An excerpt from Chapter 14 of Fr. Brett Brannen's To Save a Thousand Souls: A Guide to Discerning a Vocation to Diocesan Priesthood

When should I go to seminary?

Virtus in medio stat (virtue is always in the middle). When it comes to timing, don’t be either a jumper or a fence-sitter. A jumper is someone who goes off to a retreat one weekend and has a powerful "Jesus Experience." The Lord really touches this man and he understands God’s infinite, unconditional love for the first time. The thought of priesthood comes to him and he is very excited. The man comes back from the retreat, picks up the phone and calls his vocation director, “I want to go to the seminary. Can I start in the fall?” This man has never before contacted his vocation director. He has never been to a discernment retreat with the diocese. He has not even had a stable prayer life or spiritual director, and he had not been thinking about priesthood at all before this past weekend. No, he is not ready to jump into seminary. He has not made a diligent discernment. He is only in stage 1 or 2 of the discernment stages (see chapter 9).

On the other extreme, we find the fence-sitter, the man who cannot make a decision to go to seminary. Often this man has done a lot of reading and praying about his vocation. He has attended a number of discernment events. He has many of the requisite signs and qualities. His vocation director has encouraged him by saying (often in frustration), “The time has come. You are spinning your wheels. You cannot know if you are called to priesthood unless you go to semi-nary.” But this man is a fence-sitter. He simply can’t make the decision to give seminary a try.

Sometimes I will encounter a man who is fifty years old and has been considering priesthood for twenty-five years, but has done nothing about it. At age fifty, he is still unsure. I say to this man, “Listen, had you gone to seminary twenty-five years ago, when your vocation director and spiritual director encouraged you to do so, God would have shown you clearly whether or not you were called. You would either be a priest right now or you would have moved on with your life, having permanently excluded the possibility. As it is, you are fifty years old and still wondering.” This is not always completely the man’s fault, as circumstances of life can contribute to his inability to make a decision. Still, I have seen some of these men eventually get off the fence, go to seminary, and become priests.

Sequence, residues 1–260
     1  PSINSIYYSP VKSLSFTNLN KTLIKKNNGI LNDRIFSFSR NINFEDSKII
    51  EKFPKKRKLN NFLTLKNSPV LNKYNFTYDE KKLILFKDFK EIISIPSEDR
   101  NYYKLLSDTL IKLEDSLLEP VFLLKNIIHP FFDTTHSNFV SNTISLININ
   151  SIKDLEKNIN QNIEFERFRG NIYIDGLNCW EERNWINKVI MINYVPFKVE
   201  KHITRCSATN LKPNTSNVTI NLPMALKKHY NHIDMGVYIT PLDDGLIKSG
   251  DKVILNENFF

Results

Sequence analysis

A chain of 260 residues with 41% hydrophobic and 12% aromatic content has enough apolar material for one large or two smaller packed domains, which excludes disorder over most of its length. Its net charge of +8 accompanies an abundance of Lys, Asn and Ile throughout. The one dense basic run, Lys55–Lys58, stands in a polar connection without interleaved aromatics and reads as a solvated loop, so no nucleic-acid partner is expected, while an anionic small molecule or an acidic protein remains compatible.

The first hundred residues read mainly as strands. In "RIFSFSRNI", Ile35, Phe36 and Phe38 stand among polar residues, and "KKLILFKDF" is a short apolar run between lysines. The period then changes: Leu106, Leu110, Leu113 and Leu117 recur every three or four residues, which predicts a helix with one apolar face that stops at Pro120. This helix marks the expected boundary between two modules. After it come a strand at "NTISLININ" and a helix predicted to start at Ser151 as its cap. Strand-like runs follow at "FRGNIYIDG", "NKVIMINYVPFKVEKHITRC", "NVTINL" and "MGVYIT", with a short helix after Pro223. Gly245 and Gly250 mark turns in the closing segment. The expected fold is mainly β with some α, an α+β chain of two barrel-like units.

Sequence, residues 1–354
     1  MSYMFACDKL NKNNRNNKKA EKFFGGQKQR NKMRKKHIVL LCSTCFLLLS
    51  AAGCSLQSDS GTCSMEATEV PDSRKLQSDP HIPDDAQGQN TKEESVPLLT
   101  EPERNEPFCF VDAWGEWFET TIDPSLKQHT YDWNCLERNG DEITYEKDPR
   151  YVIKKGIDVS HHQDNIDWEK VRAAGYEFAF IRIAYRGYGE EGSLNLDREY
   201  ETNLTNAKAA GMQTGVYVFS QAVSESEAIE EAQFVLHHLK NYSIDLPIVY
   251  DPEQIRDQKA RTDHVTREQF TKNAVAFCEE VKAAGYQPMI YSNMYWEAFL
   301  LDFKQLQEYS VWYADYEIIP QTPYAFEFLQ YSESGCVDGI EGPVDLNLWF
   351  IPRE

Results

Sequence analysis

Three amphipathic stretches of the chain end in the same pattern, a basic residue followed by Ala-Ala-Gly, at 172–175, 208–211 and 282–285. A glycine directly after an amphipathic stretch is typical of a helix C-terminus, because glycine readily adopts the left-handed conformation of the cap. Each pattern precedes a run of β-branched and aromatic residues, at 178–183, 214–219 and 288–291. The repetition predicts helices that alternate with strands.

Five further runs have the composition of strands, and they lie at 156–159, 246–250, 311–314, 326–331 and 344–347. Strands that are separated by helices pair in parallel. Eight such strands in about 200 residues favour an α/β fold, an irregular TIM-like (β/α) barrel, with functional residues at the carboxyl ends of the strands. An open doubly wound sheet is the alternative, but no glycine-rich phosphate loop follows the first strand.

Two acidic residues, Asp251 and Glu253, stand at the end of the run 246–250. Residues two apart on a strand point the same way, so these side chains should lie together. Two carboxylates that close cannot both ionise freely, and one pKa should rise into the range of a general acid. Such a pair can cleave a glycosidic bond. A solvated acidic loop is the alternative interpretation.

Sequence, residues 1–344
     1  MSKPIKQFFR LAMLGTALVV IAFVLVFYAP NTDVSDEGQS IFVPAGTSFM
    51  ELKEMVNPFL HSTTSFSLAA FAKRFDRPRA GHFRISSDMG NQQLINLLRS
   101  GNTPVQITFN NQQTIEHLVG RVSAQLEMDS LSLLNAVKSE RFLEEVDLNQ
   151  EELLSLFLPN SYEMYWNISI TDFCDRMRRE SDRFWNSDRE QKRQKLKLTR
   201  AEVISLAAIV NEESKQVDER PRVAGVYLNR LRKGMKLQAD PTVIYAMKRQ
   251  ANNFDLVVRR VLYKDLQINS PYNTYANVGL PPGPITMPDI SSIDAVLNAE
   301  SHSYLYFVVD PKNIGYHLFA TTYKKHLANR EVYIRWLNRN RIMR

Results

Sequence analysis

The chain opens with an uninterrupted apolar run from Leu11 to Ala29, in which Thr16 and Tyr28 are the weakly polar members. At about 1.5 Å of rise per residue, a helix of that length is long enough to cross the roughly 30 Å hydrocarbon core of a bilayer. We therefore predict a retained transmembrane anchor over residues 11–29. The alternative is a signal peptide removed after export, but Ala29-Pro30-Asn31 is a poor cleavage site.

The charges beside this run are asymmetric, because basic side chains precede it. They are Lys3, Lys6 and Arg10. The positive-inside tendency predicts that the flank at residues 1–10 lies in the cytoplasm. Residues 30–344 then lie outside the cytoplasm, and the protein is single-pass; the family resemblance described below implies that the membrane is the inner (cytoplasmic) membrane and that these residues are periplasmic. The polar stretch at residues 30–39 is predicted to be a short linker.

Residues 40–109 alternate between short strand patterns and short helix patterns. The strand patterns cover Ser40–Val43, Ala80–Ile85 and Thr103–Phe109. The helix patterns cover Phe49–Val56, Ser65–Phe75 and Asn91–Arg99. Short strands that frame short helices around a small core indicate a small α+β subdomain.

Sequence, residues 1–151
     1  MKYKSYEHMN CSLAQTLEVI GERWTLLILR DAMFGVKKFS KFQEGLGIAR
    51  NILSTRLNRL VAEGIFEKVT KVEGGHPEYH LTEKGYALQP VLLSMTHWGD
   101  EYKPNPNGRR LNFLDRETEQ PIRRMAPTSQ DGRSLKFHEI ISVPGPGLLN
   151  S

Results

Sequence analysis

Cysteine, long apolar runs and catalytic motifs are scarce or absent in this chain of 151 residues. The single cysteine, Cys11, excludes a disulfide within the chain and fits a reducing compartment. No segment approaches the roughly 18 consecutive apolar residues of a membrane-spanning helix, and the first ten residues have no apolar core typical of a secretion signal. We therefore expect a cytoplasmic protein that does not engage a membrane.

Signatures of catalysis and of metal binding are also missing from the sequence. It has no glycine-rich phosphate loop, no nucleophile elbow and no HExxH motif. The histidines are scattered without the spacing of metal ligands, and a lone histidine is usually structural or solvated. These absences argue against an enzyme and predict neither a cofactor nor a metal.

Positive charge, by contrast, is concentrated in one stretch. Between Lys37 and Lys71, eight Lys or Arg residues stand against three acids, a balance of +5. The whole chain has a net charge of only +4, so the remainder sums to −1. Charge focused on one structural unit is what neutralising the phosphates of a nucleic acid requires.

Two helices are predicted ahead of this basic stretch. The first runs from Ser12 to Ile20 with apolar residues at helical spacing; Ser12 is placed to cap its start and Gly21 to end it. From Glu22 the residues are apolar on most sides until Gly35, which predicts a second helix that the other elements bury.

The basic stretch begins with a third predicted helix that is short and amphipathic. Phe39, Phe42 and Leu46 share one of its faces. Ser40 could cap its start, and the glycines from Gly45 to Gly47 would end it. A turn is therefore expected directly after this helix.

“If the Almighty’s compassion is deeper than the chasms and higher than the mountains, and his omnipotence and richness exceeds all imaginable boundaries, we only need to do one thing: jump.” ~ St. Francis of Assisi

The Launch Window

The former vocation director in Savannah, Georgia, Fr. Tim McKeown, likes to use this image:

"NASA is in the business of launching space shuttles and they have to monitor things very carefully when they are trying to launch. The conditions have to be just right and they monitor many things like the rotation of the earth, barometric pressure, and incoming storms. Often they have a very specific launch window, a window of opportunity, and if they miss it, it might not be possible to launch that shuttle again for some time. There is a launch window in vocation discernment also. God orchestrates many things in a man’s life leading to the day of launch. That day is usually the day when a man moves boldly towards his vocation to priesthood, by filling out the application or arriving at the seminary."

I think the engineers at NASA are both excited and nervous on any day they launch a shuttle. It is a massive endeavor fraught with many possible dangers. But they know when the launch window appears, they must pull the trigger. It is the same with your vocation, but with a vocation it is much less dangerous. Why? Because God will never send you where his grace cannot sustain you. If God orchestrates your life such that an obvious launch window has opened—move. Discernment itself is not a vocation! Pull the trigger. Do not be afraid. God will take care of you.

Fr. Brett Brannen is the pastor of Blessed Sacrament Church in Savannah, GA and the author of To Save a Thousand Souls and A Priest in the Family.